[Top][All Lists]

[Date Prev][Date Next][Thread Prev][Thread Next][Date Index][Thread Index]

Re: Discuss support for the linux kernel's EFI Handover Protocol on x86

From: Alexander Graf
Subject: Re: Discuss support for the linux kernel's EFI Handover Protocol on x86 and ARM
Date: Mon, 14 Jan 2019 11:22:23 +0100
User-agent: Mozilla/5.0 (X11; Linux x86_64; rv:52.0) Gecko/20100101 Thunderbird/52.8.0

On 01/14/2019 10:14 AM, Michael Chang wrote:
On Mon, Jan 14, 2019 at 08:07:34AM +0100, Ard Biesheuvel wrote:
On Mon, 14 Jan 2019 at 05:58, Michael Chang <address@hidden> wrote:
On Fri, Jan 11, 2019 at 10:58:54AM +0000, Leif Lindholm wrote:
On Thu, Jan 10, 2019 at 09:59:38AM +0100, Alexander Graf wrote:
Am 10.01.2019 um 09:12 schrieb Michael Chang <address@hidden>:


With the advent of new verifier framework and shim lock protocol support
to the grub's community, we are driving to the world of UEFI Secure
Boot, well, almost ..

There is a missing piece in the puzzle remaining, that is booting linux
kernel via it's own EFI Handover Protocol's entry. Strictly speaking,
the interface is not part of the UEFI Secure Boot, but we have to use it
to avoid problem of using UEFI LoadImage Protocol, which will not work
with shim and it's Machine Owner Key (MOK) as they are not part of
firmware's KEK and db.
So really dumb question here: What if we didn't use the MS key? What
if instead, we just provide a SUSE/openSUSE key and give customers
the ability to sign their own grub+Linux binaries?

Then we would only need to lobby with platform vendors to include
our public key in the delivered Keystore in parallel and everything
would "just work".

The only reason shim needs to provide its own key management is that
on most x86 systems, we (and customers) don't have control over the
keystore, right? We can just push to not have that problem on ARM.
Sure. That's a valid (and I think Ard would say preferable) decision,
and should "just work" with upstream GRUB. But that's for each distro
to decide.
It will work as far as it goes. I think part of the reason shim was used
is that early x86 UEFI Secure Boot shipped without function to disable
it and also no way to enter setup mode. It is then become some sort of
vendor lock-in and has legal concern to the open source software like
grub if it gets signed to prevent from freely distributed. If ARM
provides setup mode and user has the freedom to manipulate on the
firmware stores then I think shim may not be necessary.

Am I missing anything?
As time goes by shim has also evolved to do the work than it was
expected originally. Here listed some of related features to consider
when we get rid of shim or the MOK key store it manages. I don't know
ARM folks consider these real issue or not, just for information.

1. Key revocation: To revoke a key in db would require the authenticate
varaible support in linux, I didn't know its status much yet. And also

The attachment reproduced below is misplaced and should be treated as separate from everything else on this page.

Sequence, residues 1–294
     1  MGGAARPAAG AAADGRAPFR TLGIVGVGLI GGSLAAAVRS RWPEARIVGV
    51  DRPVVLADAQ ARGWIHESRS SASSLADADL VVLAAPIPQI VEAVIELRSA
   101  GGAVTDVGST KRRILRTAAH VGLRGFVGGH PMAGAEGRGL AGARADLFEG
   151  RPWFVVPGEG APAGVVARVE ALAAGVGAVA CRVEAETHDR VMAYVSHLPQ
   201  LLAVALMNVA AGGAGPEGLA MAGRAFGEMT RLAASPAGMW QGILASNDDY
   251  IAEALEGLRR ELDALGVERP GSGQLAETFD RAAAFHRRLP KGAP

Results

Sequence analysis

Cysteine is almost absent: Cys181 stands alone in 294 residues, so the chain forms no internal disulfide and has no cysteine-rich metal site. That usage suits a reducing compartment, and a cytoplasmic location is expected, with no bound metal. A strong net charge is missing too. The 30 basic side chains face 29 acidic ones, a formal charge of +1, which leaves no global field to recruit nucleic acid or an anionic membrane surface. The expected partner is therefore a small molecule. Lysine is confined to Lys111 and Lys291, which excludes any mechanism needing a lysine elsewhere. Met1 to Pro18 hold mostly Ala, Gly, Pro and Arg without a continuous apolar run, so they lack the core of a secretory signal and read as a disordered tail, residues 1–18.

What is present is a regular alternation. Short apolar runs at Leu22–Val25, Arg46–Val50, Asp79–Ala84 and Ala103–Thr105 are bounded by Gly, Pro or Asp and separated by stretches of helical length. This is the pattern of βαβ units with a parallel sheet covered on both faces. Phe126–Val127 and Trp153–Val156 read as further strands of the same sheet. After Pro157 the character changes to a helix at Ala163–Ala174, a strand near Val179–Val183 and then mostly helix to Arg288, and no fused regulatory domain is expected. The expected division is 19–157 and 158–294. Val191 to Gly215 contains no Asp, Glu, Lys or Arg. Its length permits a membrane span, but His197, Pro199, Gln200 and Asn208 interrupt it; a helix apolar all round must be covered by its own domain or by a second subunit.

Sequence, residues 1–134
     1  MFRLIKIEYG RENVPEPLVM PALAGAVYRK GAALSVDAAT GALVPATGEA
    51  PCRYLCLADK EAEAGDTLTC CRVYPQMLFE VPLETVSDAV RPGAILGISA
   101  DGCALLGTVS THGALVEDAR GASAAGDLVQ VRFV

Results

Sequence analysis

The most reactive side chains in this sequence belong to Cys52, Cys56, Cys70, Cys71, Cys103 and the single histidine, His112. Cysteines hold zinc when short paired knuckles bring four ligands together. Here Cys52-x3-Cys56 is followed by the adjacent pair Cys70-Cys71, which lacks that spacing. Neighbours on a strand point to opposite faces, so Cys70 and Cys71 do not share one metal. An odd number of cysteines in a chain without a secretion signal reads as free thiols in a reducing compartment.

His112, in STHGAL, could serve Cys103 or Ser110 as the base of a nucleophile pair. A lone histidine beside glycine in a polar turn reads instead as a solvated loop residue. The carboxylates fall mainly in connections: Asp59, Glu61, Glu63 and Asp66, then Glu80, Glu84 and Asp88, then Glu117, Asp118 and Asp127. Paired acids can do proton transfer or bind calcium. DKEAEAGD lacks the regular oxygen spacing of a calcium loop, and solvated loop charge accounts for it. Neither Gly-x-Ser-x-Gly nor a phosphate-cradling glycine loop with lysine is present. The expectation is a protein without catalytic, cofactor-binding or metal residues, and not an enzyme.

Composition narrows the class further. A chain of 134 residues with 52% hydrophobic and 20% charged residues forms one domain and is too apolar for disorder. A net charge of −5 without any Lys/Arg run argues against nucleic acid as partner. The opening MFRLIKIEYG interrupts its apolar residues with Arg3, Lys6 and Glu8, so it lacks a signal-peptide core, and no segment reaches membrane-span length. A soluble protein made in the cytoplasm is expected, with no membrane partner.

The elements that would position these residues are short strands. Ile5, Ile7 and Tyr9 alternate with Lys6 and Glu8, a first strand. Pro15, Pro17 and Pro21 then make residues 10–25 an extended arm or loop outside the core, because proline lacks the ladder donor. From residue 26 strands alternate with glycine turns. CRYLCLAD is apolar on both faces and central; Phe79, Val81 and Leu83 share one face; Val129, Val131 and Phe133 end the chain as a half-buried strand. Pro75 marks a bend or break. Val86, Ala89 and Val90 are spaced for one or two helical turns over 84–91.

it means each distro requires to work with vendor to get its variable
signed, compared with shim that each disto could revoke their key
indendently it brings way more complex and overhead in the process.

If the distro's key is in KEK, the distro can sign revocation updates directly.
Yes. Anyhow it is still new to distro, either to deliver the key to
vendor directly as KEK, or revoke them with authenticate var updates
both would require close collaboration between vendors and distro.

If we sign our own grub with the old and new key and then have a grub module to revoke the old key once booted with the new key, we should be all good, no?

Of course that would require a grub module to do so, but I don't see that as a big problem to write?

2. Some distribution may be using kernel module signing which chains to
the MOK store as it is easier to updat from the OS.

Pardon my ignorance, but I thought MOK keys were only updatable at
boot time? So why is it easier to update a MOK key than it is to
update db directly?
AFAIK, MOK is copied to kernel keyring during boot time so it is
accessible during run time. The point of using MOK is that 3rd party can
just sign their kernel modules and enroll pubilc cert via the shim UI.
It doesn't require them to own any KEK to the firmware.

Can we have a similar mechanism for modifying the KEK from within grub? Then users could add their own keys using that as well.

So all that's needed at that point is to somehow pass the KEK keys to the kernel for attestation down the chain. Can we read out the keys from grub? Or is there an RTS for it?

3. The Shim's fallback mode has been used to recreate boot entries after
firmware update for x86, not sure if that any problem for ARM.

It thought fallback was a separate binary? If the distros sign that,
there is no reason we couldn't load it straight from a Boot#### or
PlatformRecovery#### entry.
Wouldn't those entry be lost after firmware update like all others?

And also without any boot entry firmware will pick default boot path,
that is grub may be loaded so we need to implant some logic to run
fallback.efi to recreate boot entry including 'new' default then reboot
to it.

How about we just install grub in the default boot path?

I personally think we really don't need fallback.efi either - it makes much more sense to move that functionality into grub if grub is what we want to boot anyway.


reply via email to

[Prev in Thread] Current Thread [Next in Thread]